Friday, 30 October 2015

The Top 5 Modern Horror Films

With Halloween just around the corner, it’s time to count down some of the best horror films. In this list, we’ll be looking at some of the best contemporary horror films of the last 20 years.


SAW



Before the tedious and repetitive sequels, there sits a decent and underrated modern horror film. Taking place almost entirely within one trap unlike the follow-ups, with a non linear narrative telling the story of two men chained in a dirty old bathroom, Saw did something different. Ordered to kill each other for the sake of their families by an unseen psychopath, the 2 men must learn to get along and work out an escape together before they descend into madness and murder. Shot on a small budget in just 18 days, Saw gained a cult following and performed very well at the box office – grossing over $100 million worldwide and becoming, at the time, one of the most profitable horror films since Scream. Naturally, 6 big-budget sequels followed along with video games, comic books and even theme park rides. But, before all of that money-grabbing, there was a unique and original little indie horror. 

Best momentit surely has to be the big reveal at the end of the film, that paved the way for many more smart twists that defined the Saw franchise more than anything else.

Fun factthe film was inspired by the closing scene of the original Mad Max, in which Max handcuffs a character’s ankle to a soon-to-explode car. Giving him a hacksaw and telling him how long he has, this sequence gave Saw the theme of time running out and, of course, sawing through one’s ankle.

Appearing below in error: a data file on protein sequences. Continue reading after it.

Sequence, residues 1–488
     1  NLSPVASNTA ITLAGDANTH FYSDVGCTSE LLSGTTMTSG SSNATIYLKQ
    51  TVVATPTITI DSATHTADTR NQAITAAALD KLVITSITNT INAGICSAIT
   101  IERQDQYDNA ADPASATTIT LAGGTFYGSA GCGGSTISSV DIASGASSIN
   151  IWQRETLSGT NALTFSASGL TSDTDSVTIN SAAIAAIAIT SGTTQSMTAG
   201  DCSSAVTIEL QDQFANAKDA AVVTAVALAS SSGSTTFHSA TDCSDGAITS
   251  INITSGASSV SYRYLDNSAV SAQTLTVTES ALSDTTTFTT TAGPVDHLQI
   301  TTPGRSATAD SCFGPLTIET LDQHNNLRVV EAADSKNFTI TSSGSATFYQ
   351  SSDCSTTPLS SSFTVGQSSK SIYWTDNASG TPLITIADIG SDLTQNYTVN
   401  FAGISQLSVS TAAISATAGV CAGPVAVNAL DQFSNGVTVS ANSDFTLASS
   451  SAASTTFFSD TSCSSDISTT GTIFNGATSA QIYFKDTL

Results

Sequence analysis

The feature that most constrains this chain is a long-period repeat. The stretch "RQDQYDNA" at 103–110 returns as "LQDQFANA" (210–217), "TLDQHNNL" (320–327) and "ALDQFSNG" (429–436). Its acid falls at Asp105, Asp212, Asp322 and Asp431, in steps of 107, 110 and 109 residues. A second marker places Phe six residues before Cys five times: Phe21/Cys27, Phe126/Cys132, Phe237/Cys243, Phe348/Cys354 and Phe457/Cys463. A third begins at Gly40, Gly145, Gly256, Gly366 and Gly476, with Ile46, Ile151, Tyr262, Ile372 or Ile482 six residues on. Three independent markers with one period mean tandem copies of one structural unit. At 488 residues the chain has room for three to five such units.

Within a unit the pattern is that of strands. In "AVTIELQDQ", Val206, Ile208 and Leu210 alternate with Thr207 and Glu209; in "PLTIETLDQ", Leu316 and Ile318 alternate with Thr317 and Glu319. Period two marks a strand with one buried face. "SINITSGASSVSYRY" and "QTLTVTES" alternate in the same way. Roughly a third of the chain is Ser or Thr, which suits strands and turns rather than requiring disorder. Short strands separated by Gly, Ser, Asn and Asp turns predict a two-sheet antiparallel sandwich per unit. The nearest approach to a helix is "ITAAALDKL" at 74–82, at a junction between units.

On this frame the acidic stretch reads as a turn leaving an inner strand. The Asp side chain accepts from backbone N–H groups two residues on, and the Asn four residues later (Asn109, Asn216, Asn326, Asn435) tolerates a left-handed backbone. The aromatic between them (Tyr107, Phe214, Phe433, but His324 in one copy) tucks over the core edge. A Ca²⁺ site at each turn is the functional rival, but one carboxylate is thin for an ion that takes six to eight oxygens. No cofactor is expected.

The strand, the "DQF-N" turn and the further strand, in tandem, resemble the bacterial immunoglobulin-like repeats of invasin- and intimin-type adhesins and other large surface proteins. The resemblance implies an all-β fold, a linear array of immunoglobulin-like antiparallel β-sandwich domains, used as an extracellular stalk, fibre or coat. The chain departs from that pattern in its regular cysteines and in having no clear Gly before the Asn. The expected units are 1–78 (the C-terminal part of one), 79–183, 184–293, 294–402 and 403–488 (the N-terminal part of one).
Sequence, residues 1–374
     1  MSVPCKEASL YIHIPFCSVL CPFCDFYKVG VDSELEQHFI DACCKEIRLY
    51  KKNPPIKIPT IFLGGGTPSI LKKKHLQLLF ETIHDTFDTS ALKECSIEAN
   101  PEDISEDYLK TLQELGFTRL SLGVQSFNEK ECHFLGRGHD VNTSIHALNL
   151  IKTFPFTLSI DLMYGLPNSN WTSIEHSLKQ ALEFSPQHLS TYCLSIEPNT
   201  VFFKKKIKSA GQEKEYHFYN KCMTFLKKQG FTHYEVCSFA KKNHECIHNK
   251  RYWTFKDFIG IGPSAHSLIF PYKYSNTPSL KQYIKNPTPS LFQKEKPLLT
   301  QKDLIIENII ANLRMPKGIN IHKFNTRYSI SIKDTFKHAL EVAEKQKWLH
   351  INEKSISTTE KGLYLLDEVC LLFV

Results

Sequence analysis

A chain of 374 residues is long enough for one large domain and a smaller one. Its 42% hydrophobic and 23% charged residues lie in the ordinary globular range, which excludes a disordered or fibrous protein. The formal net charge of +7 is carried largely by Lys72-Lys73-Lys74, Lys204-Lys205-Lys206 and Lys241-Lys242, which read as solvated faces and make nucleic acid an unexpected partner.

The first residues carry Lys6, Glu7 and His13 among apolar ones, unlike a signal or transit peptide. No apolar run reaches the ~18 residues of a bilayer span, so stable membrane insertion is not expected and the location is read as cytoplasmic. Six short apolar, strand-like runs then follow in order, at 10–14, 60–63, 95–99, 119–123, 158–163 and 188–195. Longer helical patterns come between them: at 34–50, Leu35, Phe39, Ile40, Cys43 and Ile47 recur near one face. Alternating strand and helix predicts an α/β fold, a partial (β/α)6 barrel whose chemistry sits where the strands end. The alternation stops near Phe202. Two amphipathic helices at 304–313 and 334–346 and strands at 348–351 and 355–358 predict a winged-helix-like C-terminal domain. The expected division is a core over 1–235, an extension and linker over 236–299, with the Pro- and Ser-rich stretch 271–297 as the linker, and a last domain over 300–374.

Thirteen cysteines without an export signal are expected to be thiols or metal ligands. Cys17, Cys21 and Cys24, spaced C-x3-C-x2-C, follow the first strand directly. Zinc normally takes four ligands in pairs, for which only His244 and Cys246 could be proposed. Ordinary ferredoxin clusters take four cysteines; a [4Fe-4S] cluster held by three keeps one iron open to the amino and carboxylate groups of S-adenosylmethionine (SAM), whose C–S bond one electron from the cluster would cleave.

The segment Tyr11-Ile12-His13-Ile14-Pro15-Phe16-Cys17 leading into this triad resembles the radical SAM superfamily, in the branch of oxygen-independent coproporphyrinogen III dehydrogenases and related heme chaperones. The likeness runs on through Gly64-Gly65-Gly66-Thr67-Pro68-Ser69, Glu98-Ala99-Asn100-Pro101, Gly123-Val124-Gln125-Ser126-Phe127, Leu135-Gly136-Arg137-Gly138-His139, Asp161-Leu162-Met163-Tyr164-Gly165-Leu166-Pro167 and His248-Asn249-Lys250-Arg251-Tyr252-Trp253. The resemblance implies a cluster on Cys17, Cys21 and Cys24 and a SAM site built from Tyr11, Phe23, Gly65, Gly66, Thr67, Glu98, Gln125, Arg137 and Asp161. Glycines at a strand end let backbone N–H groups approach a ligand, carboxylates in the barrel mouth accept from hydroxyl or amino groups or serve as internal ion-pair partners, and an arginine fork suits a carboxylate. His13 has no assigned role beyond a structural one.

THE DESCENT



A perfect example of pure tension and atmosphere, next up we have Neil Marshall’s The Descent. Telling the simple story of 6 women on a caving expedition who encounter a bunch of nocturnal monsters, the film is one of the scariest of modern horror. Long before the monsters appear, the film uses the cave setting to create an uncomfortable and foreboding feeling of isolation, claustrophobia and darkness. And then, when the monsters do appear, brace yourself for relentless carnage as the women are bumped off, one by one, climaxing in one of the most bleak and depressing endings in horror film history. So bleak and depressing in fact, that it was changed for the US release to a slightly more soft ending. Avoid this. Stick to the original cut and let it ruin your evening, in the best possible way!

Best momentthe first encounter with the terrifying ‘crawlers’ in the cave. Why? ...

Fun factthe appearance of the creatures was kept secret from the cast until this scene was filmed. The girls were genuinely terrified when they saw them, and ran off set screaming. Talk about a genuine reaction!

YOU’RE NEXT




You’re Next was lost on a lot of people, but it truly deserves a spot on this list. Clever, subversive and darkly funny; it harked back to a bygone era of fun horror and delighted horror buffs all over the world. On the surface, it is just another home invasion film like the overrated The Strangers; we watch as a well-off family’s mansion is slowly overrun by masked maniacs and murderous carnage ensues. But it’s so much more. Almost post-modern and feeling a little like Scream for the current generation, it played with the audience’s expectations and, although blackly humorous, is certainly not a comedy as some have labelled it. Dark, twisted and bloody good, You’re Next deserved a far bigger audience. It’s never too late to give it one.